Thursday, 21 August 2014
Faced with a pile of vegetable peelings, shelled pea and bean pods and stems from bolted onions, what would you do? I hope the answer would be to turn them into vegetable stock. There is a great deal of nutritional content in this waste and it should be extracted rather than thrown away. So, yesterday, in our antique brass preserving pan, I put a pile of waste, added some bay leaves and boiled it all up. The result is a dark vegetable stock which tomorrow will be used to make soup.
I'm also looking for medieval pottage recipes and my guess is that they will contain stock as well. I have a talk to do on medieval foods in October to our local history society so I will be trying out a number of ancient recipes over the next few weeks. Of course, back in the medieval period, no food was ever wasted, sadly, unlike today when huge amounts are thrown away.
For some months now I have been working with the Green Branch of the Workers' Educational Association in Newcastle to set up a food swapping event. The aim is to encourage as much local food production as possible and give people the opportunity to swap their surpluses. The first such event went ahead on Sunday at the Station Masters Garden at Whitley Bay Metro Station and by all accounts was a success.
You don't turn up with a cash wallet. Instead, your "money" consists of food you have grown or produced. My wallet consisted on 2 boxes of jams and and a basket containing 15 dozen quail eggs. The eggs had gone within the first hour and we traded about two-thirds of our jam.
An exchange takes place - jam buys 3 pepper plants!
After an hour or so, we had "bought" quite a few vegetables, soft fruit, rhubarb, bread, cake, even other people's jam!
Back home and this was the final tally. There is probably going to be another event in September in Newcastle. I'll be there with my eggs and jam!
Wednesday, 20 August 2014
I don't often have a fry up but yesterday, circumstances forced my hand (okay, it's a good excuse!). This was my lunch yesterday. One of the duck eggs laid in the early morning had a damaged shell and some courgettes and tomatoes needed using up or otherwise they was be making an early visit to the compost bin. Waste not, want not!
Tuesday, 19 August 2014
Rowan is out in force at the moment and there are also lots of rosehips. So I have invented "forest fruit jelly" to use them up. Into the mix went some windfall apples I collected recently.
I used roughly equal quantities of rowan, apple and rosehips and boiled them in the preserving pan.
The liquid was strained off, measured and reboiled.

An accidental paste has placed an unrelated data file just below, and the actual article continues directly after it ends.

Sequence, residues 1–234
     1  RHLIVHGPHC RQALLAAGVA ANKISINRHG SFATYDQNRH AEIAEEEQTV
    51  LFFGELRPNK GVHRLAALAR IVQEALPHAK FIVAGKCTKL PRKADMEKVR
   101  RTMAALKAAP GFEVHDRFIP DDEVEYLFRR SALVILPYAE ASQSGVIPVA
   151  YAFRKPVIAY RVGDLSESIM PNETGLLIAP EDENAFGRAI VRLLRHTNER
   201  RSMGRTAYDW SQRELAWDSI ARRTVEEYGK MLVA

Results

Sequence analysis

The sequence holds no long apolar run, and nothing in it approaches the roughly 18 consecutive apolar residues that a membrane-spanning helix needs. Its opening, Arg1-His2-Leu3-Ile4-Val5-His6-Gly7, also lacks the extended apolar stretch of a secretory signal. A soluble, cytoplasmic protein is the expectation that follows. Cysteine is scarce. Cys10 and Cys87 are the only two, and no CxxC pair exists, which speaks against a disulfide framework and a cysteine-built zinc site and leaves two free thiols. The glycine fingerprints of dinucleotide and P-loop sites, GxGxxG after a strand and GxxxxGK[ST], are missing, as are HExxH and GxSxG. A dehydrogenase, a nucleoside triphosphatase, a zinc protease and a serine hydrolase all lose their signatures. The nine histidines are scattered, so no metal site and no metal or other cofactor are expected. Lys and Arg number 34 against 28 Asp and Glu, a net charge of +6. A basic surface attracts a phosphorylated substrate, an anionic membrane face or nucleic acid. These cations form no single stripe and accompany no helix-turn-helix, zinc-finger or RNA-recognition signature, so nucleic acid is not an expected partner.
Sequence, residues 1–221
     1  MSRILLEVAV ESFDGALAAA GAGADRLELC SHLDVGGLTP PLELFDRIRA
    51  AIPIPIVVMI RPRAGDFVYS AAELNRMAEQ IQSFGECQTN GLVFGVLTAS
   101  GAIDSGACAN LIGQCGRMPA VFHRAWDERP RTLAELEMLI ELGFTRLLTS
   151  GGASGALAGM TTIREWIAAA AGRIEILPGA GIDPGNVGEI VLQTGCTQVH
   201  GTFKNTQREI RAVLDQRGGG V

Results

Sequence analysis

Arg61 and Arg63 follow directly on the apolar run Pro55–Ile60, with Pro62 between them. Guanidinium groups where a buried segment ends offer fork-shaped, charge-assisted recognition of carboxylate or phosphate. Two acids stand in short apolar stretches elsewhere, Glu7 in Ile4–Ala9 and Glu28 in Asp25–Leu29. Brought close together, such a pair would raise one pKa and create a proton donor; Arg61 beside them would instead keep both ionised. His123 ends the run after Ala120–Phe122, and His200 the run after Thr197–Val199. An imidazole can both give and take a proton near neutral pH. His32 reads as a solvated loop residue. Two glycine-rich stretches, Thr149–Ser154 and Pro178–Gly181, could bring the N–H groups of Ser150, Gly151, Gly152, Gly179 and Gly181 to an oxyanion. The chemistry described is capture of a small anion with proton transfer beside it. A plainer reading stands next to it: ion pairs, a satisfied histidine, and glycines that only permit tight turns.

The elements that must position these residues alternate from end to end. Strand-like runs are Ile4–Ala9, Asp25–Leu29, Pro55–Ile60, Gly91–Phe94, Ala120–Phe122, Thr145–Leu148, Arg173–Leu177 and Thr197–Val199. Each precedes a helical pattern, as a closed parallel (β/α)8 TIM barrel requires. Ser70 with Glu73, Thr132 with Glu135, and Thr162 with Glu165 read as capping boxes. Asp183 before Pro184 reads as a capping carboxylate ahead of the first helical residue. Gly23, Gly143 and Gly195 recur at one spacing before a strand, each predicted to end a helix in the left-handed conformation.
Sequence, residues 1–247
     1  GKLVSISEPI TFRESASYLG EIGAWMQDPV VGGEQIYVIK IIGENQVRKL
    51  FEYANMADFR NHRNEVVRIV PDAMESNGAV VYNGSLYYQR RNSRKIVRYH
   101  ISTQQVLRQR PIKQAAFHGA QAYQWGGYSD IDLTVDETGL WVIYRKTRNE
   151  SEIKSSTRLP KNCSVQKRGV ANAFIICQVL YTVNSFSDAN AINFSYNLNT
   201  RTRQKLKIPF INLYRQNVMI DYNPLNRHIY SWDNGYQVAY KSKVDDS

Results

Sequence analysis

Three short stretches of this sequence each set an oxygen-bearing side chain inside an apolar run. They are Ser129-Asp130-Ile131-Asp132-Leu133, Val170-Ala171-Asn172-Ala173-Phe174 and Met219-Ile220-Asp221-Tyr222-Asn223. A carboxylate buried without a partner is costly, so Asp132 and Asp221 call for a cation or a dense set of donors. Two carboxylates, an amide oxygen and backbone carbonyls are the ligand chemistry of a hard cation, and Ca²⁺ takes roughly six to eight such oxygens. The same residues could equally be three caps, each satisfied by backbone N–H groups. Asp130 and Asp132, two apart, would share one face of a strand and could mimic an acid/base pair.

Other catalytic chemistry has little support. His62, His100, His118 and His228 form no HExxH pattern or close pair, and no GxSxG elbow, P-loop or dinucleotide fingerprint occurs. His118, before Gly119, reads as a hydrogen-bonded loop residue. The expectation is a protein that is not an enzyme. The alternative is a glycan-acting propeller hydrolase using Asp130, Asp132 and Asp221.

1kg of sugar was added for each litre of liquid, brought back to the boil and then kept on a rolling boil until the setting point was reached.
The final product is a beautiful golden red jelly.
The supply of vegetables has gone up in recent weeks as people swap their gluts with us for jam and eggs. We also had some liver in the freezer from one of our pigs and some old bacon which sadly was from a supermarket and therefore nowhere near the quality of the bacon from our Tamworths. Combining all to make a liver and bacon casserole was decided as the best way to get these various ingredients used.
A large pan of casserole was made. It will last us for another two days.
Monday, 18 August 2014
A few weeks ago we swapped some of our Tamworth pork for some beef with a local farm that has a pedigree cattle herd. The beef is top quality and was something that was previously missing from our diet. The exchange has given us the opportunity to have beef again though it is something we consume only sparingly. Firstly, the exchange rate of beef is high - so we need to pay more pork to get beef. Secondly, even with ethically raised pedigree herds of the highest quality, there is still an impact on the environment of beef production that is worse than most other meat. So, beef will be consumed but only on rare occasions. That way we enjoy it more when we do have it.
Over the weekend, we got one of the packs of beef mince out of the freezer and after defrosting it, we added some chopped veg (mainly veg that was traded with other people for our jam). The enjoyable result is in the picture below.
The Hop Garden is a community allotment in High Spen in Gateshead. Volunteers run it and I have got to know some of them over the past year through my efforts to build up a food swapping network. Yesterday they had a pizza evening, complete with pizzas made in front of their pizza oven. Locally grown ingredients were included.
We were invited so we headed over at 4pm. The Hop Garden is a great project and a valuable way of involving schools and residents in growing food. Hopefully others will be inspired to follow their lead.